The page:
Nikki Johnson was one of the faces of the Lingerie Football League. Yes, she was one of its hard bodies, too.
Then she had her bell rung a couple of times. She got carted off the field. She broke her wrist and had surgery.
It hurt like hell.
She started talking to some of the other players who had been dinged up (or worse); she tried organizing a meeting to discuss safety issues, and to discuss not getting paid.
And then she got kicked out of the Lingerie Football League.
I saw Nikki Johnson the other day, practicing football. At first I didn’t recognize her, because she had all her clothes on.
She wasn’t wearing much makeup. No glitter in the cleavage area, like some of the players I spoke with before the Lingerie Bowl.
Then she threw a tight spiral that traveled 30 yards. Then I knew it was her.
A couple of weeks ago some of the dinged-up lingerie football players went on TV, or at least Inside Edition, to air grievances about getting injured and not being paid. Videotaped highlights showed Nikki Johnson getting laid out with a clothesline tackle, getting elbowed to the face.
It wasn’t the first time disgruntled lingerie football players had aired grievances. In 2011, 16 of the 26 members of the team based in Toronto quit over safety concerns.
You might have heard that football is a rough sport. This is especially true when you are playing it indoors in your dainty things, with only cheesy shoulder pads and a cheesy hockey helmet for protection.
There’s a lot of stuff on these players that is exposed. Including their rib cages.
“We understand not getting paid, although we don’t really know the financials of the league,” said Johnson, who played multiple sports at Silverado High School. “We understand that. We were fine with that. It’s just the injuries.
“We had girls who were getting concussions; we had a girl last year who shattered her cheekbone. We had ACL injuries. I broke my wrist. I took a late hit in the LA game and wound up being put on a stretcher and taken to a hospital. Stuff like that is preventable. The grievance is really about safety equipment.”
A couple of years ago before one of the Lingerie Bowls, I interviewed a player who was wearing a neck brace. This was Marirose Roach of the Philadelphia team. She had broken her neck.
“I know,” Nikki Johnson said. “I was the one who took her to the hospital.”
When Marirose Roach told me her story, I remember thinking this must be legitimate football. That in a weird sort of way, injuries legitimized women playing tackle football in their dainty things.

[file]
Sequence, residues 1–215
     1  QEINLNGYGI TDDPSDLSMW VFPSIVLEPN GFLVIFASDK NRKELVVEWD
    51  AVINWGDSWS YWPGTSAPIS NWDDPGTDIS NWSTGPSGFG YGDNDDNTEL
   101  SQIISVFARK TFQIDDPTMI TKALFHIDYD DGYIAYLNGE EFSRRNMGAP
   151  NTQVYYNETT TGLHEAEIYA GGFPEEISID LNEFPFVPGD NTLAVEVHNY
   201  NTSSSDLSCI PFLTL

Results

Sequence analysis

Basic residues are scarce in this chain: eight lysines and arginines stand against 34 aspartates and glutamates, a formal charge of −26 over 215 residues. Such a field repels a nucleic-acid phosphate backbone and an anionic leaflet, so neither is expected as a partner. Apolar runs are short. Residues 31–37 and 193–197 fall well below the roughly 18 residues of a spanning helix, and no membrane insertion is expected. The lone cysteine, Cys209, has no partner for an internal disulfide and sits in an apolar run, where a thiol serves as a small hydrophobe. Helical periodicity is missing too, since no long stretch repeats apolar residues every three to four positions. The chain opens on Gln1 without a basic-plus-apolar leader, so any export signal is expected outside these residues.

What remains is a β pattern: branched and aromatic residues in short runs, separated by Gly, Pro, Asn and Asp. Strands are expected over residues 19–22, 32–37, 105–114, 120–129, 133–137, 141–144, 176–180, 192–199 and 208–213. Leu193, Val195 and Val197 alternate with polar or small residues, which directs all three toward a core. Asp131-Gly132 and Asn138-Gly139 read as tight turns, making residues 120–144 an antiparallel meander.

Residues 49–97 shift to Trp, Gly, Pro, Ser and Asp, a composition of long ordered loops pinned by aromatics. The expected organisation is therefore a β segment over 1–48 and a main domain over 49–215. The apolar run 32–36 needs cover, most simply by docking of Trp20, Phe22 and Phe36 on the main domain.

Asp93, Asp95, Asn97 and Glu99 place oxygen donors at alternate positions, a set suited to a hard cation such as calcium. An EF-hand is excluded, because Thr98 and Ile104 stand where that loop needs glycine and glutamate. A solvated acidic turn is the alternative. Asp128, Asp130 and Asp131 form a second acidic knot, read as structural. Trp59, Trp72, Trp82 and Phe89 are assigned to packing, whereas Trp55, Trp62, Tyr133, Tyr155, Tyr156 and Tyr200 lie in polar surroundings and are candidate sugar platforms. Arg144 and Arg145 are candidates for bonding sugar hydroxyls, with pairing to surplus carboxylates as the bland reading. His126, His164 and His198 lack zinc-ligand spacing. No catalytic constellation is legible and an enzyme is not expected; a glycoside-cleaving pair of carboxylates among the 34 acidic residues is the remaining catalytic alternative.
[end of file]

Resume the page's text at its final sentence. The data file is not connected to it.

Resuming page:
I talked to the players, discovered that nearly all of them had run track in college, or had played volleyball or basketball or other sports. Under all that eye shadow, these were real athletes, not pseudo-strippers.
“That was a sacrifice,” Johnson said when asked if maybe she wasn’t contributing to the perception of the league as something less than legitimate football by agreeing to play sans most of her clothing. “I was OK with it. I love the game, wanted to play at the highest level. And this was the highest level.”
Johnson, 23, was speaking after a Las Vegas Showgirlz practice at Walnut Recreation Center in North Las Vegas. The Showgirlz play football outside, on a regulation field, in the Women’s Football Alliance. They wear regulation helmets and regulation shoulder pads and other equipment that is regulation, too.
The players on Johnson’s new team, who come in all shapes and sizes, do not get paid. Only there’s no empty promise that eventually they will.
“No, I’m not going to get paid in this, either,” she says, having recently graduated from business school and landed a job with Wyndham Timeshare. “But at least I’m protected.”
Officials from lingerie football would not go on camera for the Inside Edition report. I received the following statement upon requesting an interview:
“We at Legends Football League take the safety of our athletes very seriously as evident by the evolution of our equipment, medical personnel and treatment from our inception year of 2009 to today. We understand that in any contact sport injuries are sometime unavoidable; however, we as a league have continued to evaluate every piece of equipment and medical personnel to make certain we lessen the possibility of injury.”
In his state of the franchise video on the LFL website, founder Mitch Mortaza said Rawlings has developed new shoulder pads designed specifically for the LFL, and that any vestiges of lingerie have been removed from the uniforms. They are now made of compression material, he said.
He said by 2017, the LFL uniform and equipment and on-field product will look nothing like the uniform and equipment and on-field product that Nikki Johnson wore and helped build, before Mortaza sent her a terse Facebook message with swear words that said she had been fired.
Las Vegas Review-Journal sports columnist Ron Kantowski can be reached at email@example.com or 702-383-0352. Follow him on Twitter: @ronkantowski.